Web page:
Ports of Auckland fined after worker injured in fall

Ports of Auckland has been fined $49,980 and will pay $12,000 in reparations after a stevedore was badly injured while working aboard a container ship. Photo / Nick Reed
Ports of Auckland has been fined $49,980 and will pay $12,000 in reparations after a stevedore was badly injured while working aboard a container ship. Photo / Nick Reed

Ports of Auckland has been fined and ordered to pay reparations totaling just over $60,000 after an employee fell off an unguarded edge of a container ship's hatch lid.

The company has been fined $49,980 and will pay $12,000 in reparations after a stevedore was badly injured while working aboard a container ship, Spirit of Independence, in October 2014.

The employee was observing a foreman and another co-worker de-lash a container, when he fell off the hatch lid. The man fell almost 3m to the deck below. He was rendered unconscious and also suffered a fractured elbow.

Maritime New Zealand laid a charge against the company for failing to take all practicable steps to ensure the safety of employees at work. Ports of Auckland Ltd pleaded guilty and was handed the sentence in the Auckland District Court on Friday.

General manager for maritime compliance, Harry Hawthorn, said the sentence outcome highlighted the need to ensure that not only were safety measures put in place, but that they were communicated properly to workers.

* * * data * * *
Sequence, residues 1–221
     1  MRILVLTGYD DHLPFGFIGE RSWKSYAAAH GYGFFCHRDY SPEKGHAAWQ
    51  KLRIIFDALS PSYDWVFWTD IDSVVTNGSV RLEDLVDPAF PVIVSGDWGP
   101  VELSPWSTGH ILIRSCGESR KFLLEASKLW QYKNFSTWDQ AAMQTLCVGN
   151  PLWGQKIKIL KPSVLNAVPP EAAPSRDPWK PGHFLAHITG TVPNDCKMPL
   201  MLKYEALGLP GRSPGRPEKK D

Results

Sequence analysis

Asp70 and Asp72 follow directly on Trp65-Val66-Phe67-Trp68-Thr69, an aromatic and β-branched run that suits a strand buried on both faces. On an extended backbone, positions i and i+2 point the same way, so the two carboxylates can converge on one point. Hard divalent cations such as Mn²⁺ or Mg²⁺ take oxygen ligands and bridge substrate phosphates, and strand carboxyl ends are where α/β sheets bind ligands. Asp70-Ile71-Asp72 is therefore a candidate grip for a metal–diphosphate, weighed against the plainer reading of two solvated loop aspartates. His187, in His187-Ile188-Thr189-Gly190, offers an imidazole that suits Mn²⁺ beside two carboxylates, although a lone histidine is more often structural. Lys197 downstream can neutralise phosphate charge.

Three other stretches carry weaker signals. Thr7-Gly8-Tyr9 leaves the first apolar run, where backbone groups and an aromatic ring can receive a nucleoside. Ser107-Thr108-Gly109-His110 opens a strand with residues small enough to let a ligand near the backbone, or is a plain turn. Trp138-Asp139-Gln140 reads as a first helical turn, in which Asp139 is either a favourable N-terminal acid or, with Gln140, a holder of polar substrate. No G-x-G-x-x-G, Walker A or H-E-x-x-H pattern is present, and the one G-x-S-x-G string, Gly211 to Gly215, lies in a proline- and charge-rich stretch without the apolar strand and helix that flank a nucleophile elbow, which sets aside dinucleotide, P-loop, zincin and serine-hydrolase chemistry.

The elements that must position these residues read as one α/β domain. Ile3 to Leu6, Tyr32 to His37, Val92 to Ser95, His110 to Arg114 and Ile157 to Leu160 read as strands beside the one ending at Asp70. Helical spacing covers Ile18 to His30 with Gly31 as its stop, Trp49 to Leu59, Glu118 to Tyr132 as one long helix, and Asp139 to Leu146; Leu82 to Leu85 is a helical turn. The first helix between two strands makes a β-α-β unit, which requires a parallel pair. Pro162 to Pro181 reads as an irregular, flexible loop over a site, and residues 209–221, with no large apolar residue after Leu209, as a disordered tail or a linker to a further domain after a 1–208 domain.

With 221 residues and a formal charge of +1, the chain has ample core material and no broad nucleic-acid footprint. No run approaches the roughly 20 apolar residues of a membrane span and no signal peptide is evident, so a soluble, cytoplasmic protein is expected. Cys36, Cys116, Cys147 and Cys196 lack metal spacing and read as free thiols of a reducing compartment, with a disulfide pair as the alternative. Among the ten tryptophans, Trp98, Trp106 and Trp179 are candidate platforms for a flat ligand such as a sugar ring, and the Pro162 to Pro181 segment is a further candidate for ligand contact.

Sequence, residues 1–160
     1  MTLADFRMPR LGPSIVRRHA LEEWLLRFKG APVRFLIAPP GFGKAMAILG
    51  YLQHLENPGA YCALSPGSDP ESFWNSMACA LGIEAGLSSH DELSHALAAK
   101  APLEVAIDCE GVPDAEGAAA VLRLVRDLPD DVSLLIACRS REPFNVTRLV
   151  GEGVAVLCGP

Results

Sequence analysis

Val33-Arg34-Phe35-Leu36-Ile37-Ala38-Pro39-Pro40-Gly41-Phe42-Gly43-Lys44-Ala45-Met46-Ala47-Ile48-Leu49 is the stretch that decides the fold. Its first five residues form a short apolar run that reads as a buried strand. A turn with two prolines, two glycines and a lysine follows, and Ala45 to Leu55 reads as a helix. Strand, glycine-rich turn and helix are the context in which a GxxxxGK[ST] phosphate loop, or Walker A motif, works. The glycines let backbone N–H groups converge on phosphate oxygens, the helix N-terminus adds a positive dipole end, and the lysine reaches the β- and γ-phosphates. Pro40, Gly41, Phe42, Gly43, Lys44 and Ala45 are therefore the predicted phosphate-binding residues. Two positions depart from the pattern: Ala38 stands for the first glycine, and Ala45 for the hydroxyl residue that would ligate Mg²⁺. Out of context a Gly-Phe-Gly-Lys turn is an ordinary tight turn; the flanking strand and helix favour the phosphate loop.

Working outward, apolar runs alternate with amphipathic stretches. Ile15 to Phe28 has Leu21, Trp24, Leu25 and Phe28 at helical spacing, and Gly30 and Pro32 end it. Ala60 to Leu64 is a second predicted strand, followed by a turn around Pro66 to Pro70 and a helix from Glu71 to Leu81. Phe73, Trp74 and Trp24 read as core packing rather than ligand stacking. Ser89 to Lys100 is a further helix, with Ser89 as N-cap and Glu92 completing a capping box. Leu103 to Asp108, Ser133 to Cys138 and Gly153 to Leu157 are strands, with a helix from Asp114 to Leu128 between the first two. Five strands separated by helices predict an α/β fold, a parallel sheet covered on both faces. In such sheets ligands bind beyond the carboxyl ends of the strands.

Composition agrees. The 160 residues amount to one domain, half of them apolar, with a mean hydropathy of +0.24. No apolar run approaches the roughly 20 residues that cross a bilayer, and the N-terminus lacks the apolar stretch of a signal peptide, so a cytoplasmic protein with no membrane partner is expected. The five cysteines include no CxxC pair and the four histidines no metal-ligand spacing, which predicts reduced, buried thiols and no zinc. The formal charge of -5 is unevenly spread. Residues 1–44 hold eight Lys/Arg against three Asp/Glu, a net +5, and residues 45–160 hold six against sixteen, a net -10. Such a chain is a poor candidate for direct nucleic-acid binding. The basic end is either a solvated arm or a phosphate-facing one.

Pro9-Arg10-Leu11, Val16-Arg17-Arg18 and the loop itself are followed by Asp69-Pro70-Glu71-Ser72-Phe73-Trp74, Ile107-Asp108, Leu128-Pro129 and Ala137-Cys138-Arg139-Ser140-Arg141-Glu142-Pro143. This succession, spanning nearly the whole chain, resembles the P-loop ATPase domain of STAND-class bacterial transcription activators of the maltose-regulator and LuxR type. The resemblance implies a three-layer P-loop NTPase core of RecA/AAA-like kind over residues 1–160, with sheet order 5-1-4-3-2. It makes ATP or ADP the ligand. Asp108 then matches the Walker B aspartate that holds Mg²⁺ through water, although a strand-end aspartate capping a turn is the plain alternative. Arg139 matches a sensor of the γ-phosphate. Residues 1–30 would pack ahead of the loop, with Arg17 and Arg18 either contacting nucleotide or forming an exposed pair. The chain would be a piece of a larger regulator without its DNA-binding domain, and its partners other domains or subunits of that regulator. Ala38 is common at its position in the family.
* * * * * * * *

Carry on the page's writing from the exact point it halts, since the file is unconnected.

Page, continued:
The hatch lid on which the man had been standing on before he fell was 1.7m wide and was used to access containers. Ladders on board were designed for people of "small stature'' and not usually used by stevedores, Maritime NZ said.

"[Ports of Auckland] knew that stevedores frequently used the easier, faster option of walking across the hatch lid rather than using the ladders. But the lack of safety rails on the hatch was not identified at the ship's specific safety briefing for stevedores."

Mr Hawthorn said a policy that stevedores were to stay at least 1.4m away from the edges, where a fall could occur, was not widely known by workers and there was no requirement of this laid out in any training documents.

"Effective communication of the requirement to stay at least 1.4m from the edge where there is a falling hazard may have reduced the likelihood of the stevedore falling.''

- NZ Herald

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